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Focusrite RedNet Deployed By ATK Audiotek For Super Bowl LIV Audio

RedNet gear instrumental in helping pull together the wide range of components and sub systems throughout the stadium.
Focusrite RedNet D64R 64 x 64 MADI/Dante I/O interfaces connect the ATK Dante network with off-network production and broadcast trucks, including resolving the audio to external clocks and sample rate conversion. (All photos by Chris Mayes-Wright)

At Super Bowl LIV (54) at Hard Rock Stadium in Miami Gardens, ATK Audiotek deployed Dante-network-enabled RedNet gear from Focusrite Pro to help manage the audio complexities of both the game and the live stadium concert during halftime.

Two large-scale sound systems were in use – a flown house system and ATK’s field cart system. In addition, ATK provided and operated the substantial backbone of routing equipment and input/output interfaces to patch all the of the various system facets together, and allow audio to flow from inputs to mix positions, to amplifiers and loudspeakers, and also to external partners such as broadcast and recording trucks. “That’s where having Dante and RedNet comes in to play.” says ATK’s Kirk Powell, who led audio production for the event.

Once the structure of the system was plotted out, the preconfiguration was implemented by system designer and front of house mixer for the entertainment aspects of the 2020 Super Bowl, Alex Guessard, in a 50-foot-by-50-foot space in the ATK shop in California. While requiring a methodical approach for such a complex system, updating firmware, naming channels and making subscriptions on RedNet devices proved straightforward due to Dante Controller and RedNet Control.

Kirk Powell (left) led ATK Audiotek’s audio operation during Super Bowl LIV, while ATK’s Alex Guessard was the system designer and FOH mixer for the entertainment aspects of the Super Bowl.

“In the shop, you can verify the patch is working by just running a 10-foot cable,” explains Powell. “It’s so much easier than having to walk to the catwalk and back down again, just to check a cable or connection.” Once the whole stadium worth of equipment is configured and operational in one place, the deployment process is as simple as positioning the racks and connecting the fiber or network cables.

ATK racks were positioned in nearly every corner of the stadium. Columns of input and output interfaces, amplifiers and network switches activate all over the stadium. In each position, RedNet units were performing various operations. Nodes at grass-level, at each corner of the field, comprised of RedNet MP8R, RedNet A16R and RedNet D16R units.

Focusrite RedNet interfaces, shown here in the skybox FOH mix position for Super Bowl LIV, were deployed throughout the stadium.

Also within the ATK remit is sharing audio with the various broadcast trucks and mobile production facilities on site. Powell and Guessard have devised a standardized way of interfacing with all of these external partners via RedNet D64R 64×64 Dante to MADI interfaces. Each partner can be responsible for the clocking of their respective digital audio systems.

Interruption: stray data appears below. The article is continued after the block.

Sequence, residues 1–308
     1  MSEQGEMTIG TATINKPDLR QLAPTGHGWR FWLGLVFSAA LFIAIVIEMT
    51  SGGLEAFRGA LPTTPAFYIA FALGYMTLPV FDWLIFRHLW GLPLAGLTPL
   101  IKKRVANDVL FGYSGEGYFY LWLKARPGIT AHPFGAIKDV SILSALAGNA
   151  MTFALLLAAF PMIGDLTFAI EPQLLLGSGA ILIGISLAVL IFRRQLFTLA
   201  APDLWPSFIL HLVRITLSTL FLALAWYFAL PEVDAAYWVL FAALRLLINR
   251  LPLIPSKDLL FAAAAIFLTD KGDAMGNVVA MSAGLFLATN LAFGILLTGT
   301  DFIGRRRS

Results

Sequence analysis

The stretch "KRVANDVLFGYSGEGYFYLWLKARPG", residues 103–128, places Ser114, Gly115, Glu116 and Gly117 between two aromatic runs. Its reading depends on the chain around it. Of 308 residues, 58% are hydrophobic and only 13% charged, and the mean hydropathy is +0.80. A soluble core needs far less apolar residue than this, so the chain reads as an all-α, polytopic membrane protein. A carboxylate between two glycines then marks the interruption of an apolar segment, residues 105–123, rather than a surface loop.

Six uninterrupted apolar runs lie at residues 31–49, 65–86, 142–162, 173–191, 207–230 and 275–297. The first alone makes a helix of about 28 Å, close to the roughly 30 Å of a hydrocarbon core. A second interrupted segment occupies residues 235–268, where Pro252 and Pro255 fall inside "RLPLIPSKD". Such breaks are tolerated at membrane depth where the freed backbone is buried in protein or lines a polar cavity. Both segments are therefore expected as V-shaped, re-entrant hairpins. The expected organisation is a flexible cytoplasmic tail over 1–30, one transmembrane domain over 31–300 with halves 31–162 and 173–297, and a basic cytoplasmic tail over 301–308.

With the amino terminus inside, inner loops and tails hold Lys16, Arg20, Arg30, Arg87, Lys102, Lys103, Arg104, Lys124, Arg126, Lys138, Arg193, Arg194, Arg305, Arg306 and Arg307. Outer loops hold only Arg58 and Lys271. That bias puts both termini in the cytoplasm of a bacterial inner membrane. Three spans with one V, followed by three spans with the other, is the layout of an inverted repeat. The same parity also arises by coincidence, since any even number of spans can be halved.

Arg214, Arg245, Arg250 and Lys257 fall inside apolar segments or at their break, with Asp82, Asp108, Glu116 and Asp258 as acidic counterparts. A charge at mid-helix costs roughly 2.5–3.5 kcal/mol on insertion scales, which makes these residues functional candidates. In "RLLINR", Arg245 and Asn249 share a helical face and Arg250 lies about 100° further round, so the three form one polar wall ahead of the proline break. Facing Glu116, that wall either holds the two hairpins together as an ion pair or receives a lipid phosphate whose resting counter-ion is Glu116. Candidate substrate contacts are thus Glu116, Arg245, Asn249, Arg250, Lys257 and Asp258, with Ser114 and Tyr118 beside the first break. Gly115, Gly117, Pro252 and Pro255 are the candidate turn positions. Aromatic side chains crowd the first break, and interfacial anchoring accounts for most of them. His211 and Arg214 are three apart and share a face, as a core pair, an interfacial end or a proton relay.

“The RedNet D64Rs are really good because they allow us to create different islands,” Guessard says. Each island (or truck) supplies a word clock via BNC to the RedNet D64R responsible for transporting their respective MADI signals where on-board sample-rate conversion allows for the MADI channels to be transported at the desired sample rate.

The role of Patchmaster was handled for Super Bowl LIV by Luis Montes from a nook in the underbelly of the Hard Rock Stadium. As the central hub of ATK’s network, every home run from each nodes’ network switches comes to Montes’s patching world via an overhead bundle of cables as wide as a water main. Montes used a RedNet AM2 two-channel D-A converter with line-level connections and a headphone output to audibly monitor signals on the network for source verification and quality control.

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One of the four racks of Focusrite RedNet interfaces in each corner of the field during Super Bowl LIV to provide input and output to the ATK Audiotek Dante networks, including the adjacent amplifiers.

“It’s a very adrenaline-filled show,” says Guessard, “From the moment the halftime whistle is blown we have six minutes to deploy and connect everything — the stage gets set up, the speaker carts get wheeled on, and all the artists have to be set up on the stage. It’s the same for lighting, and the same for video.”

After the 12-minute performance — this year featuring Jennifer Lopez, Shakira and surprise guests Bad Bunny and J Balvin — another commercial break covered the stage strike and, as Powell says, “the stadium has to look like nothing happened.”

Guessard conclude, “There’s no way we could do what we do today without a networked system. With the channel counts that we have and the mass distribution, it’s not feasible.”

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